Archives of Virology

, Volume 109, Issue 1–2, pp 115–120 | Cite as

Morphological characterization of chicken anaemia agent (CAA)

  • H. Gelderblom
  • S. Kling
  • R. Lurz
  • I. Tischer
  • V. v. Bülow
Brief Report


Chicken anaemia agent (CAA) was characterized as a virion with 25nm in diameter, with a buoyant density in CsCl of 1.36–1.37 g/cm3, and containing a circular, single-stranded DNA genome. The virus is composed of 32 hollow morphological units representing a regular T=3 icosahedron.


Infectious Disease CsCl Morphological Characterization Buoyant Density Morphological Unit 
These keywords were added by machine and not by the authors. This process is experimental and the keywords may be updated as the learning algorithm improves.


Unable to display preview. Download preview PDF.

Unable to display preview. Download preview PDF.


  1. 1.
    Bülow Vv, Fuchs B, Vielitz E, Landgraf H (1983) Frühsterblichkeitssyndrom bei Küken nach Infektion mit dem Virus der Marekschen Krankheit (MDV) und einem Anämie-Erreger (CAA). Zentralbl Vet Med B 30: 742–750Google Scholar
  2. 2.
    Bülow Vv, Fuchs B, Bertram M (1985) Untersuchungen über den Erreger der infektiösen Anämie bei Hühnerküken (CAA) in vitro: Vermehrung, Titration, Serumneutralisationstest und indirekter Immunfluoreszenztest. Zentralbl Vet Med B 32: 679–693Google Scholar
  3. 3.
    Bülow Vv, Fuchs B, Rudolph R (1986) Avian infectious anaemia caused by chicken anaemia agent (CAA). In: McFerran JB, McNulty MS (eds) Acute virus infections of poultry. Martinus Nijhoff, Dordrecht, pp 203–212Google Scholar
  4. 4.
    Carter MJ, Madeley CR (1987) Caliciviridae. In: Nermut MV, Steven AC (eds) Animal virus structure. Elsevier, Amsterdam (Perspectives in medical virology, vol 3, pp 121–128)Google Scholar
  5. 5.
    Cubitt WD, Barrett ADT (1985) Propagation and preliminary characterization of a chicken candidate calicivirus. J Gen Virol 66: 1431–1438Google Scholar
  6. 6.
    Gelderblom H, Bauer H, Frank H, Wigand R (1967) The structure of group II adenoviruses. J Gen Virol 1: 553–560Google Scholar
  7. 7.
    Goryo M, Sugimura H, Matsumoto S, Umemura T, Itakura C (1985) Isolation of an agent inducing chicken anaemia. Avian Pathol 14: 483–496Google Scholar
  8. 8.
    Goryo M, Suwa T, Matsumoto S, Umemura T, Itakura C (1987) Serial propagation and purification of chicken anaemia agent in MDCC-MSB1 cell line. Avian Pathol 16: 149–163Google Scholar
  9. 9.
    Maniatis T, Fritsch EF, Sambrock J (1982) Molecular cloning. A laboratory manual. Cold Spring Harbor Laboratory, Cold Spring Harbor, New YorkGoogle Scholar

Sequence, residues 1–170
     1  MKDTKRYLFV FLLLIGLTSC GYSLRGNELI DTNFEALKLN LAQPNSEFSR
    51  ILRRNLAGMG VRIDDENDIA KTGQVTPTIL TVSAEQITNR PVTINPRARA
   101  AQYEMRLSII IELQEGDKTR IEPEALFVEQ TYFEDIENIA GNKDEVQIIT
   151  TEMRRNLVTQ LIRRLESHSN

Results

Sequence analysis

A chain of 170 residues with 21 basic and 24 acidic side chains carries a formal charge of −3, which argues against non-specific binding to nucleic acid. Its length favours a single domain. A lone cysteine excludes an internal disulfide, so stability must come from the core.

10. 10.
    McNulty MS, Connor TJ, McNeilly F, Todd D, Mawhinney KA, Creelan J, Mackie DP, Pollock D, McNair J, Curran WL, McLoughlin MF (1989) Current status of chicken anemia agent. In: Proceedings of the 38th Western Poultry Disease Conference, Tempe, Arizona, March 6–9, 1989, pp 12–13Google Scholar
  11. 11.
    Ritchie BW, Niagro FD, Lukert PD, Steffens III WL, Latimer KS (1989) Characterization of a new virus from cockatoos with psittacine beak and feather disease. Virology 171: 83–88Google Scholar
  12. 12.
    Schaffer FL, Bachrach HL, Brown F, Gillespie JH, Burroughs JN, Madin SH, Madeley CR, Povey RC, Scott F, Smith AW, Studdert MJ (1980) Caliciviridae. Intervirology 14: 1–6Google Scholar
  13. 13.
    Spiess E, Lurz R (1988) Electron microscopic analysis of nucleic acids and nucleic acidprotein complexes. In: Mayer F (ed) Electron microscopy in microbiology. Academic Press, London (Methods in microbiology, vol 20, pp 293–323)Google Scholar
  14. 14.
    Tischer I, Gelderblom H, Vettermann W, Koch MA (1982) A very small porcine virus with circular single-stranded DNA. Nature 295: 64–66Google Scholar
  15. 15.
    Yuasa N, Taniguchi T, Yoshida I (1979) Isolation and some characteristics of an agent inducing anemia in chicks. Avian Dis 23: 366–385Google Scholar

Copyright information

© Springer-Verlag 1989

Authors and Affiliations

  • H. Gelderblom
    • 1
  • S. Kling
    • 2
  • R. Lurz
    • 3
  • I. Tischer
    • 1
  • V. v. Bülow
    • 2
  1. 1.Robert-Koch-Institut des BundesgesundheitsamtesBerlin
  2. 2.Institut für GeflügelkrankheitenFreie Universität BerlinBerlin
  3. 3.Max-Planck-Institut für Molekulare GenetikBerlin

Personalised recommendations